It’s official—Web 2.0 fever has taken over the travel industry. It seems like every other day somebody’s rolling out a new website, widget, or tool to make their product more useful and interactive. One new innovation this week comes from Yapta, an airfare-tracking website that launched earlier this week. From my initial inspection, it appears to be a useful tool for tracking price drops on flights and the only site I’m aware of that helps you save on tickets after you’ve purchased them.
Yapta tracks prices on individual flight itineraries that users have “tagged” and then sends email alerts when prices go up or down. To use the tool, you must first download the Yapta Web browser add-on. Then, when searching for fares on an airline or travel seller website, an icon saying “Tag it with Yapta” will appear when you’ve selected a flight. By clicking the icon, you’ll add that particular itinerary to Yapta’s “My Trips” tracker. The tracker will check prices on your flights several times a day. For now, you can tag flights when searching Orbitz, Expedia, and Travelocity, and websites for 11 U.S. airlines, including all the majors and JetBlue and Southwest. The tagger only works in Internet Explorer, and you can’t tag flights with segments on more than one airline.
Yapata’s website neatly displays all of your tagged flights along with the current lowest fares. The site indicates whether fares on your flights have gone up, down or stayed the same. You can also receive email alerts when the fare for your flight(s) drops below a specific price. If you choose to book the flight, you’ll click on a “Buy It Now” link which will redirect you to the provider’s website.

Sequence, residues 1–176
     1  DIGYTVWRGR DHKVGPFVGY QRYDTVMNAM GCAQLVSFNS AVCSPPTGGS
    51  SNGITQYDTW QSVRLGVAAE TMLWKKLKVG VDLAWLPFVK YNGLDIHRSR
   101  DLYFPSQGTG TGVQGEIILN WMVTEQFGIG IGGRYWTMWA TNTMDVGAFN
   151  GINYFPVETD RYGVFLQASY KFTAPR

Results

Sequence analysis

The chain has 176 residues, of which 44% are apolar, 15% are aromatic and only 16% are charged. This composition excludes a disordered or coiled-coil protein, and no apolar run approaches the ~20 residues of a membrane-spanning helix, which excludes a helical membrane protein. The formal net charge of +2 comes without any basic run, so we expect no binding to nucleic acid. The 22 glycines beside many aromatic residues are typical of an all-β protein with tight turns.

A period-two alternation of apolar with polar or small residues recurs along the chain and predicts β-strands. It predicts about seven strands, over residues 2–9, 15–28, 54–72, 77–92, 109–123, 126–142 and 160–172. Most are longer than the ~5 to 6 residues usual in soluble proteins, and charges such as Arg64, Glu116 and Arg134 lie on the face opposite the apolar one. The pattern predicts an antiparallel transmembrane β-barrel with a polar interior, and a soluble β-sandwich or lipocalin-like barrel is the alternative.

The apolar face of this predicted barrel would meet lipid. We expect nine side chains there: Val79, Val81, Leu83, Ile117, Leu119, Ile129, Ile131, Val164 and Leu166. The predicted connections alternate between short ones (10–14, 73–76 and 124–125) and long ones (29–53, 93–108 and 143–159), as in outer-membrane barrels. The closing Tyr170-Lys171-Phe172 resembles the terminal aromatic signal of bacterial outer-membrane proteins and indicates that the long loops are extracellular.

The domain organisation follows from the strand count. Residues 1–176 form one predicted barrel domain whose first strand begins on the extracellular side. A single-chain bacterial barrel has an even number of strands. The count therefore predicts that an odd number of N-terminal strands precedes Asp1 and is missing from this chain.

In the tests I ran, the tool comes across as a useful device for tracking prices on specific flights. However it only tracks the exact flights you tagged, so it won’t tell you if a cheaper fare is available on your route on a different flight you didn’t tag. Also, while the site will tell you if prices drop, you won’t know if they’ll go down even more or if you should book right then. If you want that information, you’ll have to go to a site like FareCast, which has its own set of limitations.
Yapta’s more useful feature is that you can track flights after you’ve booked and be alerted to refunds for which you may be eligible should prices drop. It will provide you with a contact number for the airline so you can obtain your refund, and it will tell you if the airline imposes any fees or penalties.
If you’d prefer not to download the Yapta tool and go through the bother of tagging flights, you can still find out if a you’re eligible for a refund on a flight you’ve purchased. You just have to enter your flight details and confirmation number into the “got a ticket?” widget on Yapta’s homepage.
I’m not sure if I’ll use Yapta to track flights before I’ve booked unless I have fairly set times I need to fly. However, I will certainly use it to monitor fares on flights I’ve already booked. I might be done shopping around, but I’m always open to saving money.